Christmas seems to start earlier and earlier each year – but in Midleton two years ago, there were concerns that it might not come at all. Or rather, the town’s festive lights might not. The local traders group had ordered new street illuminations from a firm in Spain, securing a 50% reduction on a market price of €120,000. However, due to a delay in the order, it was into December before they were up and running. So were they worth waiting for? According to Joe McCarthy, the municipal district officer for the region, they most definitely were. Mr McCarthy is quick to point out that the firm they used for the lights is one of the best in Europe, and many of large European cities use them for their festive illuminations.

But Midleton deserves the best: “Midleton has always been a very strong trading town – the offer in the town is very diverse,” Mr McCarthy says.

To illustrate the town’s draw, he points out that when the town was bypassed, rather than taking business away from the main street, it actually made it a more pleasant experience for shoppers, alleviating traffic woes. Mr McCarthy also says that businesses are helped by the town being in the rare position of having more than enough parking spaces in the vicinity of the street, including two large car parks and a multi storey.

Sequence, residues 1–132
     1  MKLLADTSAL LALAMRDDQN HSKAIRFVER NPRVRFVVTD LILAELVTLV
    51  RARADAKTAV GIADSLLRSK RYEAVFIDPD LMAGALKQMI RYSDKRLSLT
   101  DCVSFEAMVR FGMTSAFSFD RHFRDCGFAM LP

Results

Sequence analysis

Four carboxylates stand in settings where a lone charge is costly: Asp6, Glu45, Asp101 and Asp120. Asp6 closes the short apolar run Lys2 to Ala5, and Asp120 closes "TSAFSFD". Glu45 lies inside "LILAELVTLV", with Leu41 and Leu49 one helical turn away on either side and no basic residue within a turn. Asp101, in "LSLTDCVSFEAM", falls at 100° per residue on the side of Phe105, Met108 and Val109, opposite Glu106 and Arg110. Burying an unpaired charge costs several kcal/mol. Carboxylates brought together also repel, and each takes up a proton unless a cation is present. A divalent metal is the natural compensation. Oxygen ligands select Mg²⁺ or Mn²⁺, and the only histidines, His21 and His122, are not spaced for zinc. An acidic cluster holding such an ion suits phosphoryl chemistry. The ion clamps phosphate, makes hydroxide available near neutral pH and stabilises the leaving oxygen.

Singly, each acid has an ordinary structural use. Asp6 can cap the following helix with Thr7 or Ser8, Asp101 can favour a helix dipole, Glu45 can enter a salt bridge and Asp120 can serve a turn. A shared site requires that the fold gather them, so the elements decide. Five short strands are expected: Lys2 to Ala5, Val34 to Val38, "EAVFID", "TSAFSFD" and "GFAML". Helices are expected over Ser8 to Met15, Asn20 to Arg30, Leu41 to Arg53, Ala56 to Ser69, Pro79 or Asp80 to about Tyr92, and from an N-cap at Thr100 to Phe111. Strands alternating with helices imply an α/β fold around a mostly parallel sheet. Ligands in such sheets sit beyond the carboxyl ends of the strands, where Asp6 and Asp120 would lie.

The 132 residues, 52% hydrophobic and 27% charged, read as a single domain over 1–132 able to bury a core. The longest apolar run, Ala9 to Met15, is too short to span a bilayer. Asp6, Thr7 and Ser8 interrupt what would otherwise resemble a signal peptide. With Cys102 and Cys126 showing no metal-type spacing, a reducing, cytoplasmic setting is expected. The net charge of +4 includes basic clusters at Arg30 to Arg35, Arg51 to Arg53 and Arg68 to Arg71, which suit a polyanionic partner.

The old lights were a decade old, and had endured the extremes of winter storms as well as the big freeze in 2009 and 2010, so they had served the region well. The new town lights had a similarly rough introduction to Irish weather, having endured the violent storms last January, which saw part of the town flood. Mr McCarthy says they are currently being repaired by technicians from the parent company in Spain, and are due to be in place and ready for the switching on on November 26th, with the lights outside the courthouse and along the Babys Walk already in situ. Mr McCarthy is quick to pay tribute to the town’s traders who helped make the Christmas lights a success, including Fergus McCarthy of McCarthy’s Newsagents and Rachel McCarthy of Ina McCarthy Flowers, who were both drivers of the project.